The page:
(Pictured: Bloody Sunday, 1887. This engraving from The Illustrated London News depicts a policeman being clubbed by a demonstrator as he wrests a banner from a female protester.)

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Birth of James Connolly, Republican & Socialist Leader

James Connolly, Irish republican and socialist leader, is born to Irish-born parents in the Cowgate area of Edinburgh, Scotland, on June 5, 1868. He spoke with a Scottish accent throughout his life.

Connolly has an education up to the age of about ten in the local Catholic primary school. He then leaves and works in labouring jobs. Due to economic difficulties, he joins the British Army at age 14, falsifying his age and giving his name as Reid. He serves in Ireland with the 2nd Battalion of the Royal Scots Regiment for nearly seven years, during a turbulent period in rural areas known as the Land War.

Connolly develops a deep hatred for the British Army that lasts his entire life. Upon hearing that his regiment is being transferred to India, he deserts. He meets a young woman by the name of Lillie Reynolds and they marry in April 1890, settling in Edinburgh. There, Connolly begins to get involved in the Scottish Socialist Federation, but with a young family to support, he needs a way to provide for them. He briefly establishes a cobbler‘s shop in 1895, but this fails after a few months.

By 1892 Connolly is involved in the Scottish Socialist Federation, acting as its secretary from 1895. During this time, he becomes involved with the Independent Labour Party which Keir Hardie had formed in 1893.

Connolly and his family move to Dublin, where he takes up the position of full-time secretary for the Dublin Socialist Club. At his instigation, the club quickly evolved into the Irish Socialist Republican Party (ISRP). The ISRP is regarded by many Irish historians as a party of pivotal importance in the early history of Irish socialism and republicanism.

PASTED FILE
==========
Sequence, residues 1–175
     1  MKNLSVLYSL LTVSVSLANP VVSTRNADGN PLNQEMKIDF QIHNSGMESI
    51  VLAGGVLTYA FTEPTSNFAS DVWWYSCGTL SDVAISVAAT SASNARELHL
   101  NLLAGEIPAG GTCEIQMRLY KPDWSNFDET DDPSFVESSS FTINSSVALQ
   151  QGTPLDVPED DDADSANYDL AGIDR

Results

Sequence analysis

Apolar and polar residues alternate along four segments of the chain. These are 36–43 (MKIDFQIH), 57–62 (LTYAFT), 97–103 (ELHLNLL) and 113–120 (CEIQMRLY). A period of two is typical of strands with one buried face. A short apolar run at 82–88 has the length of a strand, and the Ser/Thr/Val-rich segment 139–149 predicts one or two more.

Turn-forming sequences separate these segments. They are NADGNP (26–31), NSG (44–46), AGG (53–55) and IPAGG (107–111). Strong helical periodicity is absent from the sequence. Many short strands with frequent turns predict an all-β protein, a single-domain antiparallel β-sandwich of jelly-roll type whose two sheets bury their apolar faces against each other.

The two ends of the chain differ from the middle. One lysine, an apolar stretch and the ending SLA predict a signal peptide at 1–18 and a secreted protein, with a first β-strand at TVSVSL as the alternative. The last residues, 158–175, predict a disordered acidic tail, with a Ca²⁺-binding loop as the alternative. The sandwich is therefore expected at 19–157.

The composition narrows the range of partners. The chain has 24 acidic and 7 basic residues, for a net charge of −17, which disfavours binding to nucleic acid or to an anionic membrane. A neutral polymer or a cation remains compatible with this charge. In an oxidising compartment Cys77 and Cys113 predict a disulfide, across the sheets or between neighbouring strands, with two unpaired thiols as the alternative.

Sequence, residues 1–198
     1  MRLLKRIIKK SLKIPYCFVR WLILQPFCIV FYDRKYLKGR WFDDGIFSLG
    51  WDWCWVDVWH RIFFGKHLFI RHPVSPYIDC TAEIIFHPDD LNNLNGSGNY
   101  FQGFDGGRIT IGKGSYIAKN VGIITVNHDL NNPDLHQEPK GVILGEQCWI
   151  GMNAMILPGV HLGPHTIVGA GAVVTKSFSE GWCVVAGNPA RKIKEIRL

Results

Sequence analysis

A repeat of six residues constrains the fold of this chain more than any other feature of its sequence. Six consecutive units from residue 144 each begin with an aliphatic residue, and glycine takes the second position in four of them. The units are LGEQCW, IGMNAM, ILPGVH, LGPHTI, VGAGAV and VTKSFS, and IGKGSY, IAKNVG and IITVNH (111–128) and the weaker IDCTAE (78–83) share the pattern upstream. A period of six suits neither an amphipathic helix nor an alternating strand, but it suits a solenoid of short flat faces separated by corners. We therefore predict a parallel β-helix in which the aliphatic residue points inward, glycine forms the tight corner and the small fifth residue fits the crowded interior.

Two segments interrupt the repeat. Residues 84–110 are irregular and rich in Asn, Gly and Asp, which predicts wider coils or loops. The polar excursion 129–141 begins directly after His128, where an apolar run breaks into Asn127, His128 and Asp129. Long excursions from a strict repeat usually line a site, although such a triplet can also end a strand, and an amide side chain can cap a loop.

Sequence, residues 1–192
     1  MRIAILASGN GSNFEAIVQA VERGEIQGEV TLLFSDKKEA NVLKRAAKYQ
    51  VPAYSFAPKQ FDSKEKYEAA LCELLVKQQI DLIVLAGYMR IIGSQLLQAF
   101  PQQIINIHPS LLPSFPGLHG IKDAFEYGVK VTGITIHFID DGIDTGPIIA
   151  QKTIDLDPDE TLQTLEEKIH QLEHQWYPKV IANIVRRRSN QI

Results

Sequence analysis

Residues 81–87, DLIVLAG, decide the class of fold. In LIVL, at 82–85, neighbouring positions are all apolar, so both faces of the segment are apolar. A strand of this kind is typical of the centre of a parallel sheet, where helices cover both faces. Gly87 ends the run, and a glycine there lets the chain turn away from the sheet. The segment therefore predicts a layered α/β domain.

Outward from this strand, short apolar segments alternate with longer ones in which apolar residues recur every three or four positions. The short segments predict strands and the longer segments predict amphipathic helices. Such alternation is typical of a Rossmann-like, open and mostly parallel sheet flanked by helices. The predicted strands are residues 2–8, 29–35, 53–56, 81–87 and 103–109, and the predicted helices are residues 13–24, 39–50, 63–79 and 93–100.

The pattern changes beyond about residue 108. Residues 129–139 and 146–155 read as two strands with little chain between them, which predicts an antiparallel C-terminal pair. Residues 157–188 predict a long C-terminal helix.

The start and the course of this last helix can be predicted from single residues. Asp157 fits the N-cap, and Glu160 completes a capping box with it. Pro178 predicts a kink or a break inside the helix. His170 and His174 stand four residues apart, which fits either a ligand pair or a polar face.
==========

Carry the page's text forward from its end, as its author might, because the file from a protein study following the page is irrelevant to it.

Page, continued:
While active as a socialist in Great Britain, Connolly is the founding editor of The Socialist newspaper and is among the founders of the Socialist Labour Party which splits from the Social Democratic Federation in 1903.

A combination of frustration with the progress of the ISRP and economic necessity causes Connolly to emigrate to the United States in September 1903. While in America he was a member of the Socialist Labor Party of America (1906), the Socialist Party of America (1909) and the Industrial Workers of the World, and founded the Irish Socialist Federation in New York, 1907.

On his return to Ireland in 1910 he is right-hand man to fellow-syndicalist James Larkin in the Irish Transport and General Workers Union. In 1913, in response to the Great Dublin Lockout, he, along with an ex-British officer, Jack White, found the Irish Citizen Army (ICA), an armed and well-trained body of labour men whose aim is to defend workers and strikers, particularly from the frequent brutality of the Dublin Metropolitan Police. He also founds the Irish Labour Party as the political wing of the Irish Trade Union Congress in 1912 and is a member of its National Executive.

When the Easter Rising begins on April 24, 1916, Connolly is Commandant of the Dublin Brigade. As the Dublin Brigade has the most substantial role in the rising, he is de facto commander-in-chief. His leadership in the Easter Rising is considered formidable. Michael Collins says of Connolly that he “would have followed him through hell.”

Connolly is sentenced to death by firing squad for his part in the rising. On May 12, 1916 he is taken by military ambulance to Royal Hospital Kilmainham, across the road from Kilmainham Gaol, and from there taken to the gaol, where he is to be executed.

Connolly has been so badly injured from the fighting that he is unable to stand before the firing squad. He is carried to a prison courtyard on a stretcher. Instead of being marched to the same spot where the others had been executed, at the far end of the execution yard, he is tied to a chair and then shot.

His body, along with those of the other leaders, is put in a mass grave without a coffin. The executions of the rebel leaders deeply angers the majority of the Irish population, most of whom had shown no support during the rebellion. It is Connolly’s execution that causes the most controversy. The executions are not well received, even throughout Britain, and draw unwanted attention from the United States, which the British Government is seeking to bring into the war in Europe. Prime Minister H. H. Asquith orders that no more executions are to take place, an exception being that of Roger Casement as he has not yet been tried.